Challenging Education to Meet the Evolving Unknown: Bosque School’s Immersives Program

In the chance that I am giving away my age, I have been a part of independent schools, either as a student or educator/administrator, for over 36 years. While this is true of other sectors of the education world, many independent schools make innovative education a hallmark of their culture. Talking about innovation in education has been a good part of my academic career, and innovative education is often tied into 21st-century learning. Early in my training as a teacher, and eventually, as an educator, conversations about 21st-century education would result in “the more it changes, the more it is the same thing.” It wasn’t that progress wasn’t made, as it surely was, but the old adage is not as true for education as it once seemed. Yes, grammar and arithmetic rules will probably stay the same, but the reasons for how and why students learn and how they demonstrate learning aren’t staying the same, and the goals of an education are also changing and evolving. It is often said that students are being prepared for jobs and careers that may not exist yet, given advancements in technology and a more globalized world. 

What are the hallmarks of 21st-century learning? It starts with a move away from an educational model that reflects the needs of a society shaped by the intersection of agrarian and industrial economies. As the world continues to adapt to new technologies and realities, educational models now need to adapt and respond to the new opportunities that our globalized world offers. In 2016, The World Economic Forum defined Ten 21st-Century Skills Every Student Needs. Among those are complex problem solving, collaboration, cognitive flexibility, and creativity. I would also add inquiry/curiosity, cultural competency and compassion. These are hallmarks of a Bosque School experience for our students to be sure; yet, we want to extend and deepen our practices to prepare our students for the work of the future, some of which has yet to be defined. We decided then to develop our immersives program to give our students and teachers an opportunity to focus on one course at a time. Through this program fieldwork, guest experts, and a commitment to service are prioritized and students and teachers are provided the time and space to commit to extended and deeper learning.

Historically, our commitment to experiential learning manifested in the yearly schedule as the week-long Winterim program. However, in this new iteration of immersives, rather than a week, students engage in a three-week course that meets every day during the last weeks of the school year. This commitment to time is intentional; the 85-minute block, while ideal for the regular rotation of classes, doesn’t always leave room for students and teachers to dive deeply into specific topics of interest. One of our guidelines for thinking about what will make a dynamic immersive is that it should be a topic of interest that can’t be taught within the traditional block schedule. Immersive course ideas have been guided by teacher and student input. To encourage and deepen curiosity and learning, immersives are an innovation lab of sorts where teachers can develop new courses that focus on a single topic (depth of knowledge, rather than just breadth); use the community as a classroom through community partnerships, fieldwork, and guest experts; and center on critical thinking, creativity, communication, collaboration, cultural competency.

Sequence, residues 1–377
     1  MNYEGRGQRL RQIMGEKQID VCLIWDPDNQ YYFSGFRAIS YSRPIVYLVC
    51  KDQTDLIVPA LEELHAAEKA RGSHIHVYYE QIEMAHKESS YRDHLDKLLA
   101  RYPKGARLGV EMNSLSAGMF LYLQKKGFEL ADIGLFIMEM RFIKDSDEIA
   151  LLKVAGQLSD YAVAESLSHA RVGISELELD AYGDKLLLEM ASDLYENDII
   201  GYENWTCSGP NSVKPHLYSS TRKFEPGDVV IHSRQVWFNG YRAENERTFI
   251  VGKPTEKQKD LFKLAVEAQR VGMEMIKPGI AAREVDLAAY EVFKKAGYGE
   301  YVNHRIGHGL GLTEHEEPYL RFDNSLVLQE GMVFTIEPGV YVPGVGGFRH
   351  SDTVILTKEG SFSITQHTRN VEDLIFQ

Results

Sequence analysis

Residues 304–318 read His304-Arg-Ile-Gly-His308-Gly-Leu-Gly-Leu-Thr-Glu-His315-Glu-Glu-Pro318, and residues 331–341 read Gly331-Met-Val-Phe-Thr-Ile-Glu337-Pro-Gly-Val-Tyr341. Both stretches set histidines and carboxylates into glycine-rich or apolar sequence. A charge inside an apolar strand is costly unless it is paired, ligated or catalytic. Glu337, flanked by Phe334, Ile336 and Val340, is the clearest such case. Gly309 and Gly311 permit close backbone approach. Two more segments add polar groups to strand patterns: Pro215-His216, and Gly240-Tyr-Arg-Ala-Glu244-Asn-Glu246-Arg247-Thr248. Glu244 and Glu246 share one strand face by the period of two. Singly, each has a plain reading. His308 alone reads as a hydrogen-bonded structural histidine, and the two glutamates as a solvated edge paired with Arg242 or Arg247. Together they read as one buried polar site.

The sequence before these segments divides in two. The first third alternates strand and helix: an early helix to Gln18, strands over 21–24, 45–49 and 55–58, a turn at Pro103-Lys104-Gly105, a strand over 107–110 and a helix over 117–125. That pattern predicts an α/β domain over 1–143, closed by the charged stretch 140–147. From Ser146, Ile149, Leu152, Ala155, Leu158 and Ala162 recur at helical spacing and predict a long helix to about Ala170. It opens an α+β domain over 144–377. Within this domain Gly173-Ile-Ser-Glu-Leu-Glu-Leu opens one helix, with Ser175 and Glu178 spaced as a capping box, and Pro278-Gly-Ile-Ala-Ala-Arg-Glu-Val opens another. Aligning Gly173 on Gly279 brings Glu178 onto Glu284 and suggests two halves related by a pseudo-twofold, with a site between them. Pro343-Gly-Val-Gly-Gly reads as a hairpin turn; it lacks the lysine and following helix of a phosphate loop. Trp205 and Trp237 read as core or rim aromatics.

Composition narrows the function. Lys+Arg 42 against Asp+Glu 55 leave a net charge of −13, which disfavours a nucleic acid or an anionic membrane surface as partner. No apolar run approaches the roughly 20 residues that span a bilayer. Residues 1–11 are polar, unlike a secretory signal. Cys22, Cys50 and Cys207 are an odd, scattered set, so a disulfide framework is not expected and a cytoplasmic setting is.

Moving to the implementation of immersives has been part of a three-year process. We gathered advice from schools that had similar programs: Hawken School (OH), University Prep (WA), and Westminster School (GA), including a week of professional development for teachers with representatives from these schools. Teachers brainstormed exciting courses and students were asked to offer their ideas as well. Currently, teachers are collaborating to develop courses and the final list of offerings will be ready for students to choose in December/January. Just a few of the immersive ideas in the works are: public art, astrobiology/chemistry and the space industry, marine biology, and creative writing. The cost of courses has always been something with which we grappled and want to approach more thoughtfully and equitably. Immersives will generally not incur any additional costs for students as they will be built into the academic budget of the school. Immersives that include travel will have affiliated costs clearly noted in the immersive catalog, and families will have the ability to apply for financial support to offset these costs.  

Immersives are a new, innovative program for all of our students and staffulty. To get a good sense of the history of our planning and to answer some of your possible questions please see these Bosque Buzz posts from 2020 (links here and here). As the year progresses, please stay tuned for more information about immersives. I will be talking more about immersives and other aspects of the academic program at an upcoming parent and guardian forum later this semester and invite you to attend to learn more specifics. Stay tuned for more details about this meeting in the coming months. Please feel free to email me as well: geetha.holdsworth@bosqueschool.org.
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